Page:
Business-to-business infrastructure may not sound very glamorous, but the software industry's biggest providers are all furiously vying for a piece of the business.
As the saying goes, whoever controls the platform controls the customer. And no slice of the B2B market seems more appealing to software companies than the back-end platforms that vertical industry consortia and their members companies use to build exchanges -- the marketplaces that link customers and suppliers.
Gartner Group estimates that as many as 10,000 B2B exchanges could be live by 2003. The forecast is that B2B e-businesses, including exchanges, the providers of the exchange-enabling software and the services firms helping to install and maintain those offerings, will grow into a $7.29tr industry by 2004.
In the past two days, the B2B exchange infrastructure announcements have come fast and furious with initiatives from IBM, the Sun/Netscape iPlanet alliance, Oracle and Novell.
IBM announced on Tuesday new wireless capabilities and features for its WebSphere Commerce Server Marketplace Edition product, a product not due to ship until September, first on the RS/6000 Unix system. Also on Tuesday, the iPlanet alliance unveiled its MarketMaker offering, which also won't ship until the fall on Solaris and later this year on Windows NT, Windows 2000, HP-UX and IBM's AIX. Oracle took the wraps off more of its B2B exchange foundation technology on Monday, when it rolled out the details on Oracle Branded Exchange (no relation to Microsoft Exchange), a customizable version of its B2B Exchange product that it will sell using a franchise model.
iPlanet was quick to highlight the fact that it isn't offering B2B services; it is looking to third-party partners to do that.
"We believe there's a need for someone to provide business model flexibility," said Frederic Bonnard, director of product marketing with iPlanet. "That's why we, a maker of software, are helping market makers customise the remaining 50 percent of our product for their verticals. We don't want to be the market maker ourselves, or to provide the related services."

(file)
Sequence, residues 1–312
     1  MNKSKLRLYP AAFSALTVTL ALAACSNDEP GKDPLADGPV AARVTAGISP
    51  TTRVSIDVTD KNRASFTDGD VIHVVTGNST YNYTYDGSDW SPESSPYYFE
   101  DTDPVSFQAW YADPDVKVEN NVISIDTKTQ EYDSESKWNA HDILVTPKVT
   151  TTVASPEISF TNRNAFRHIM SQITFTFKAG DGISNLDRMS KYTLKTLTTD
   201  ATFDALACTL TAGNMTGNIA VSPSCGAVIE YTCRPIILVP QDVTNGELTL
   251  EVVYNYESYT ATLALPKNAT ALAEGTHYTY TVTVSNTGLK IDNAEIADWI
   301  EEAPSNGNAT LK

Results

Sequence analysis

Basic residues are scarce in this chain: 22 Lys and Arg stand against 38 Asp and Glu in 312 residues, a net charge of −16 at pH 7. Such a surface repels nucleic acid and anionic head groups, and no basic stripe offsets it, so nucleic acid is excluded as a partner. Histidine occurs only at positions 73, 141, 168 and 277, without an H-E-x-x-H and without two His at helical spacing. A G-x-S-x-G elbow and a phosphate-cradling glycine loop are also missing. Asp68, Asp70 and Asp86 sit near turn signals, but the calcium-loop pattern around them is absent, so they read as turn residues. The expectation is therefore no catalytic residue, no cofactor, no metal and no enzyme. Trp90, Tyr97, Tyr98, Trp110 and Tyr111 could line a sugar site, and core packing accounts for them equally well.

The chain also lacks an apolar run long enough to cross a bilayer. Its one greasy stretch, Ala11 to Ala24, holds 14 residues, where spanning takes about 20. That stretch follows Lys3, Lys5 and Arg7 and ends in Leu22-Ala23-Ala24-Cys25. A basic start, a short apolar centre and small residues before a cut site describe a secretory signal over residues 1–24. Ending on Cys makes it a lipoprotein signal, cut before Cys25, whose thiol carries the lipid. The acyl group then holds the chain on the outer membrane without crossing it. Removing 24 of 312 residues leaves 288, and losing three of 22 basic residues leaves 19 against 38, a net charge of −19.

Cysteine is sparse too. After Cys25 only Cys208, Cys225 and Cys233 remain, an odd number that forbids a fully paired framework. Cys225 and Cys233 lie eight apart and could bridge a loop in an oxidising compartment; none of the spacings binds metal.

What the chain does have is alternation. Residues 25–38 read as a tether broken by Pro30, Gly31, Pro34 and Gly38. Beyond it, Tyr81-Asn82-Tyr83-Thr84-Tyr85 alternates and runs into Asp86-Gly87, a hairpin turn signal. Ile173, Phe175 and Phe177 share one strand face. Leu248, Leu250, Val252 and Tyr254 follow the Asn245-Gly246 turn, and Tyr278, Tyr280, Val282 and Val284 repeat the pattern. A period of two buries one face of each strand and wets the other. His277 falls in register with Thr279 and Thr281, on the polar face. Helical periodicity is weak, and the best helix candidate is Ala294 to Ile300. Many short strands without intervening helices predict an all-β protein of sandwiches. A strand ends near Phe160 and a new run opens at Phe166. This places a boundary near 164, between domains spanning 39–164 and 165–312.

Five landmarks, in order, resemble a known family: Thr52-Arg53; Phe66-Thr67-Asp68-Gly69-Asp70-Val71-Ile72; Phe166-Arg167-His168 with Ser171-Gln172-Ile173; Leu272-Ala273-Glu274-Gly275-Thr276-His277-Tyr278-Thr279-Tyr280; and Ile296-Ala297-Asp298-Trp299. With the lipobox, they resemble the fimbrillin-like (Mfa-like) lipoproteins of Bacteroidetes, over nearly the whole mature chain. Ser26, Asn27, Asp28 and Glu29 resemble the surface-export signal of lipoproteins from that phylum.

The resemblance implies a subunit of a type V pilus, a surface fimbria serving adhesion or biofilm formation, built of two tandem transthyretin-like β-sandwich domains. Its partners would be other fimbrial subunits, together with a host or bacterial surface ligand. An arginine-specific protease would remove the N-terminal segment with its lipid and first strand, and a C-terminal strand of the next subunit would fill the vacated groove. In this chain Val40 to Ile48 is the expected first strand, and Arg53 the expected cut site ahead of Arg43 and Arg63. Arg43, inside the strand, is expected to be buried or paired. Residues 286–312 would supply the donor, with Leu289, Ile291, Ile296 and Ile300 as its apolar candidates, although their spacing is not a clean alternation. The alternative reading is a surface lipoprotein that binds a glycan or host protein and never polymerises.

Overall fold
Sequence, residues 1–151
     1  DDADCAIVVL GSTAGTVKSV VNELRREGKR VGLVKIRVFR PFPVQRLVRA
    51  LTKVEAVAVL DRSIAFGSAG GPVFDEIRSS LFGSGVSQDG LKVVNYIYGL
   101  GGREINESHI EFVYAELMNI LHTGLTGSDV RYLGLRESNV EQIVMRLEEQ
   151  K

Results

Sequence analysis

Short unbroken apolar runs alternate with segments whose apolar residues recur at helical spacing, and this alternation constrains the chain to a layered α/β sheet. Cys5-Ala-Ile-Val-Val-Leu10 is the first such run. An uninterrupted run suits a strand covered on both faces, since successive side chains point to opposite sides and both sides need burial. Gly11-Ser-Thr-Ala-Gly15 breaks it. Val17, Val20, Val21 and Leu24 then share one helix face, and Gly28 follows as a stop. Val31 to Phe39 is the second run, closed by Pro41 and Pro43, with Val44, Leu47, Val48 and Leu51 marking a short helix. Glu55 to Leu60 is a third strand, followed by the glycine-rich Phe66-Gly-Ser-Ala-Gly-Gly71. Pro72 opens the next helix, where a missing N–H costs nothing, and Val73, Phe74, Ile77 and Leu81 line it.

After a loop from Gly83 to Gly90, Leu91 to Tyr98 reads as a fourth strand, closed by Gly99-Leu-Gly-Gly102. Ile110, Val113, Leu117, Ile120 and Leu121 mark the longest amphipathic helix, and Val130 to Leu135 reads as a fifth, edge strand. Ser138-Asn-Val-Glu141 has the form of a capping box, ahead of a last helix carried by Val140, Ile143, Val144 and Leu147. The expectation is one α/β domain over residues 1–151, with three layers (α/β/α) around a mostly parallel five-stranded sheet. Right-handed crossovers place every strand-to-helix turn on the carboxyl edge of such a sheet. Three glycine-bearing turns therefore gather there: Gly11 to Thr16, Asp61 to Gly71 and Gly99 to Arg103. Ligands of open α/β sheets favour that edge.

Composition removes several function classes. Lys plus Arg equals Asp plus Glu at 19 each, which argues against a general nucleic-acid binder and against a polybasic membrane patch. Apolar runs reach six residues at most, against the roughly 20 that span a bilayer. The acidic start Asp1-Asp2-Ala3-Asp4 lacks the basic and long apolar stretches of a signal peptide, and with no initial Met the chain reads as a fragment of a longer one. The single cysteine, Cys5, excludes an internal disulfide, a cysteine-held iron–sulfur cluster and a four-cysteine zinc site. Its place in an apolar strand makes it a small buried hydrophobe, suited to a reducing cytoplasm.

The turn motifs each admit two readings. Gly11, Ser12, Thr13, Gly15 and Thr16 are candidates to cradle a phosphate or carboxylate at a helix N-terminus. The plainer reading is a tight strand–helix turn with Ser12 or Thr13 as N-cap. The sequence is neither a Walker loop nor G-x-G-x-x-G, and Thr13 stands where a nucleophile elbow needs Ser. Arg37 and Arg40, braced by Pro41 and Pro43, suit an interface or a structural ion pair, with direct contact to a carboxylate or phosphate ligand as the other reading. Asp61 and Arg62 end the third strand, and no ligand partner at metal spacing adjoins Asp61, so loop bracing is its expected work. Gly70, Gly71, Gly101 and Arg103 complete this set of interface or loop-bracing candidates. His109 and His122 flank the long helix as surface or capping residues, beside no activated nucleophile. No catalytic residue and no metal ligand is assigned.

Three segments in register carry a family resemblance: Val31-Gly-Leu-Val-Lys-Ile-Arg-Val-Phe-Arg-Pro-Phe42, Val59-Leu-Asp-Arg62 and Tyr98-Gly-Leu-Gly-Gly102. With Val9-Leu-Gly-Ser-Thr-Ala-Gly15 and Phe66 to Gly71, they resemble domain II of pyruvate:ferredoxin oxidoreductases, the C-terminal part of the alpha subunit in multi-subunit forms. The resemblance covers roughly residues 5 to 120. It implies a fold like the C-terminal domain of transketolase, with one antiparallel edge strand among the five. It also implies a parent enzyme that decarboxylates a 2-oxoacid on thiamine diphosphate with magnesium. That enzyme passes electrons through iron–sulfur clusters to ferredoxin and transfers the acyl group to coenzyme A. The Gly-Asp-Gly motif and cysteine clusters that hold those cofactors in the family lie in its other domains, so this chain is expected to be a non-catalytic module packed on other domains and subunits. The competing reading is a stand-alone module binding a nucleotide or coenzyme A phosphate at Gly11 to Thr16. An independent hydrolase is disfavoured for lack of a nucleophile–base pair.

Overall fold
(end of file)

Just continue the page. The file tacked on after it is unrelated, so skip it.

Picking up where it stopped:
But IBM and Oracle emphasised the hosting, support, maintenance and other consulting services they are offering to help businesses bring their exchanges online more quickly and easily. And Novell on Tuesday added its two cents to the debate, by rolling out a beta version of its XML Integration Services, a complement to Novell's iChain network software that links suppliers, sellers and customers.
Large software makers don't have the B2B infrastructure market locked up, despite their size and strength in providing traditional back-office building blocks. CommerceOne, Ariba, i2, Breakaway Solutions, Broadvision and a host of other smaller software and services vendors tend to be further ahead, in terms of tangible deliverables, than are the bigger software firms.
Breakaway Solutions, for example, announced on Monday a rapid-launch program, called MarketMover, for customers interested in building B2B marketplaces. Breakaway integrates platforms from various third-party vendors via XML and messaging interfaces, and provides users with a single point of contact for integrating, hosting, administering and maintaining them.
Breakaway counts among its so-called "e-marketplace" customers VerticalNet, eRisks.com, InvestorForce, WorldOil.com and Marex.com.
Whoever ends up as the suppliers and market makers in the emerging B2B exchange space, the proving ground is wide open, all participants agreed.
"So far, there's been lots of press announcements about the big architectures and big exchanges, but not many transactions happening," noted iPlanet's Bonnard. "In the future, expect to see lots of independent marketplaces, connected to lots of niche ones. And for this, you'll need open marketplace (foundations), built on standards."
In addition to demonstrating support for standards, suppliers of B2B infrastructure products will need to prove their scalability and reliability, said International Data Corporation e-commerce research manager Albert Pang.
"To what extent can these offerings scale to run very large projects? No one has demonstrated a line and working process that will prove how these technologies are really going to work," Pang said. "It's one thing to offer the capability to do auctions, but lots of things are missing, like integrated authentication and electronic bill presentment and payment. I'm still skeptical how these products will propel the growth of e-marketplaces."
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